This is a word I’ve never really understood and never used—I find it hard enough to spell — but I dutifully checked it and came up with “a miniature representation” of a greater thing, “a little world” unto itself that typifies a greater society, or  “a community or other unity that is an epitome of a larger one.” (The last being from Merriam-Webster.)

I suppose you could say that “Amazon authors are a microcosm of writers the world over.” And I hope I’m using it rightly in the following example.

I’ve started reading another of Nicholas Rhea’s “Constable” books. I read this delightful series twenty years ago, when Bob’s mom lived with us. I borrowed them for her, along with the Miss Read books, from the local library. Simple fiction stories divided into cases or incidents, replete with amusing, mild and friendly characters, though some are a trial to the poor constable and his colleagues.

The Yorkshire village where Constable Nick Rhea lived and worked was a microcosm of village life in counties all across England in the 40s and 50s. There are a number of books in this series, which, I understand, was made into a British TV series in the 60s:
Constable Goes to Market
Constable on the Prowl
Constable Over the Style
Constable Versus Greengrass (An amiable “opportunist”, poacher & general layabout)
Constable at the Dam
Constable Under the Gooseberry Bush
And more

Prize-winning gooseberry bushes that must be protected feature first in the Constable in the Dale book I’m reading now. This is followed by the vicar’s successful, if sometimes embarrassing, porker-producing enterprise starring the lovely “White Lily.”

If you like a touch of rural England that’s both nostalgic and a great picture of human nature, do check out these books. I’m delighted to discover that the e-book versions are all free on Kindle Unlimited.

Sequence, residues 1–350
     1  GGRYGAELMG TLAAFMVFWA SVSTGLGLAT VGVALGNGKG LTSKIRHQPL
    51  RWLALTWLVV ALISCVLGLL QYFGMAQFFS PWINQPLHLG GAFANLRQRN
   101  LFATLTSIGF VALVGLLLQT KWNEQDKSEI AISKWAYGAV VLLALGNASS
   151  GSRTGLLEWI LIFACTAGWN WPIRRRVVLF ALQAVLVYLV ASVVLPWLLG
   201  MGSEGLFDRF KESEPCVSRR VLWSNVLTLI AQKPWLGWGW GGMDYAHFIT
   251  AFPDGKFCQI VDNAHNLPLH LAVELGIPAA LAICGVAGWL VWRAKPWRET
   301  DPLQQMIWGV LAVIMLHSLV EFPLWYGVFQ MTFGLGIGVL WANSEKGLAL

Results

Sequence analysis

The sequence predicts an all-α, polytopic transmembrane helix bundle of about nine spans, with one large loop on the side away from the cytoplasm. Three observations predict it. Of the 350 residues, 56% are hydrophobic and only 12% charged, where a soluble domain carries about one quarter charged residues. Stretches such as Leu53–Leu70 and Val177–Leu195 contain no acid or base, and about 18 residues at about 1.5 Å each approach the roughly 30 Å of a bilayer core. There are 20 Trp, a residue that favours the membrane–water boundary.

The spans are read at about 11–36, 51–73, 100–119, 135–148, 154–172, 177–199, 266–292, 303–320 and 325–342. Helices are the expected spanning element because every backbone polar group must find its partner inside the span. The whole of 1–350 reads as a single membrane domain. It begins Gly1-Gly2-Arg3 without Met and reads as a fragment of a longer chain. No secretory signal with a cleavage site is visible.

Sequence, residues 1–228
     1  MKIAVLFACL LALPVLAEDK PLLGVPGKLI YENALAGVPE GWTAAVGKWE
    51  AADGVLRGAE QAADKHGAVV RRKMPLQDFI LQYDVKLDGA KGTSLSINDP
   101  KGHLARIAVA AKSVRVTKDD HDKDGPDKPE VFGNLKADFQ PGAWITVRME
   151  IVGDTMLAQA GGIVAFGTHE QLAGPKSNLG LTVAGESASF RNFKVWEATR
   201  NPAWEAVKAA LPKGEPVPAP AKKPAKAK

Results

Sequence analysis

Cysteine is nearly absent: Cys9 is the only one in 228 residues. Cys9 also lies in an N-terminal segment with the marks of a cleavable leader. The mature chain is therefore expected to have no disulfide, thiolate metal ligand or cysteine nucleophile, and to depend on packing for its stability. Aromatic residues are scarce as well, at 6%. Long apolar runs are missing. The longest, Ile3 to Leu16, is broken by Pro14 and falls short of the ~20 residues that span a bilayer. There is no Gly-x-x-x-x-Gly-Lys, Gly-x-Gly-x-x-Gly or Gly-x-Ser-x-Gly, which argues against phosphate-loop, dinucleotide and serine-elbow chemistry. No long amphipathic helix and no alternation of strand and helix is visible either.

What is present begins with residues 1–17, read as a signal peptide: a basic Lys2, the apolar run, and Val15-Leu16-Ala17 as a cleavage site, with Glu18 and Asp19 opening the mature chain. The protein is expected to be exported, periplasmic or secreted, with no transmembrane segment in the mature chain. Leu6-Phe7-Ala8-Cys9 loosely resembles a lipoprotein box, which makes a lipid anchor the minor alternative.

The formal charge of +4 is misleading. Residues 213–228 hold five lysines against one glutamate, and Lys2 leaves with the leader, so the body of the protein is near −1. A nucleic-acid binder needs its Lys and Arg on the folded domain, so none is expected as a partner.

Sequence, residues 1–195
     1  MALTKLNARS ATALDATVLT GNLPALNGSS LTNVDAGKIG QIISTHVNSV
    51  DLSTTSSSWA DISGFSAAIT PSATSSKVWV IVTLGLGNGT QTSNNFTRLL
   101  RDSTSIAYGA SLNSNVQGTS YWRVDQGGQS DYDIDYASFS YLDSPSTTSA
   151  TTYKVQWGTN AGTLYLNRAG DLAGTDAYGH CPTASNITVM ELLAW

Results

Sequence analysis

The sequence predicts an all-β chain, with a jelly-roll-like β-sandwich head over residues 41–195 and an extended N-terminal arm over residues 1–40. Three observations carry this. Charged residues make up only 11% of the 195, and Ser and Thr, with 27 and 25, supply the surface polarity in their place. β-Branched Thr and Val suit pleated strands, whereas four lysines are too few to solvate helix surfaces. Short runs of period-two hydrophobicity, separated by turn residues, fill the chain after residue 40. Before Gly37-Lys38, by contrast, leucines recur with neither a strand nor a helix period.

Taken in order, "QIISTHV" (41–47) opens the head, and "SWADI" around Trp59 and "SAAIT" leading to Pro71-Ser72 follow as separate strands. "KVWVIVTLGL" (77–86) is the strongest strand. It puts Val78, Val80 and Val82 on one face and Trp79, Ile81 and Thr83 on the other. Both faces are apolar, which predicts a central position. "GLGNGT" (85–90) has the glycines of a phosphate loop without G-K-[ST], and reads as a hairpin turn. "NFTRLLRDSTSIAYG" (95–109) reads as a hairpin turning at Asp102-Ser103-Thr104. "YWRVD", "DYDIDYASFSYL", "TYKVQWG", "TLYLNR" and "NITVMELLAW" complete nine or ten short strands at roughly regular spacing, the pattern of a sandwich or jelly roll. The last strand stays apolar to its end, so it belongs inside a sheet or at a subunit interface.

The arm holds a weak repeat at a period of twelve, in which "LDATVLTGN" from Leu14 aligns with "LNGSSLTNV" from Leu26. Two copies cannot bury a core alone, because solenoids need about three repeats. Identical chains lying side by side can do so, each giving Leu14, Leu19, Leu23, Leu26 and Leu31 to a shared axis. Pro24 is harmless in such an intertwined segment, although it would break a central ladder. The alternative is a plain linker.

Faces

Faces

The Ragtag daily prompt this morning was THINGS WITH FACES.

An intriguing prompt! I’ve turned it over in my mind, thinking of the many objects that have — or could have — faces. Toys…pictures…paintings…book covers… AH!

What better place to find faces than in a book store or library? As you walk in the door you’re greeted with numerous book covers set on display to entice you. And in the library there are many magazines with faces from the current news, sports and Hollywood looking back at you.

Wander into Adult fiction section. Have you noticed that it’s uncommon in our day to find actual faces; for some reason the current fad in book covers seems to be someone walking away.

The Girl from Ballymor

In the mystery and thriller section and you may find classics like Hercule Poirot detecting on the Orient Express. In recently published books you still find a few faces peeking at you.

I'll Walk Alone: A Novel by [Clark, Mary Higgins]

Check out the romance section and you’ll see the faces of sweethearts — and dozens of millionaire bachelors of all shades — looking back at you hopefully, wistfully, defiantly. What is it with millionaire bachelors nowadays that they’re swamping the romance section? Albeit a good catch.

Her Awkward Blind Date with the Billionaire (Billionaire Bachelor Cove) by [McConnell, Lucy]

In the History and Biography aisles you’re apt to see faces you recognize instantly.

King.Gordon Johnson.png
Gordon Johnson – Pixabay
non-violence-1158316_640
John Hain – Pixabay

Cookbooks often have the cook’s face smiling at you, holding their latest culinary masterpiece.

The section for teens features a selection of ordinary faces, high-school types trying to navigate the problems of today, plus the graphically rendered faces of superheroes and the gruesome spectres of vampires, zombies, etc.

ZSA teen sad

In the children’s section, especially among the old favourites, you’ll see rather unusual faces.

MaryP.ChaminaGallery
Chamina Gallery – Pixabay
Lion.Oberhoster Venita
Venita Oberholster – Pixabay

Flip the books over and read the back cover blurbs, where you’ll usually see the face of the writers, hoping with all their hearts you’ll get hooked on their books and read — or better yet buy — everything they write.

Stroll up to the archives and you’ll see the face of anyone who’s ever been someone in your area.

Yes, libraries and books stores are great places to find faces new and old.

Appreciating the Good Things

Happy Thanksgiving to all our American neighbours!

Family
Gordon Johnson – Pixabay

I hope you’re all having a great day with family and friends, giving thanks for all the wonderful people and blessings in your lives today. Granted, there’s always something that could be better, but a whole lot of people in the world would gladly trade places with us here in North America. Which reminds me…

A Great Thanksgiving Day Read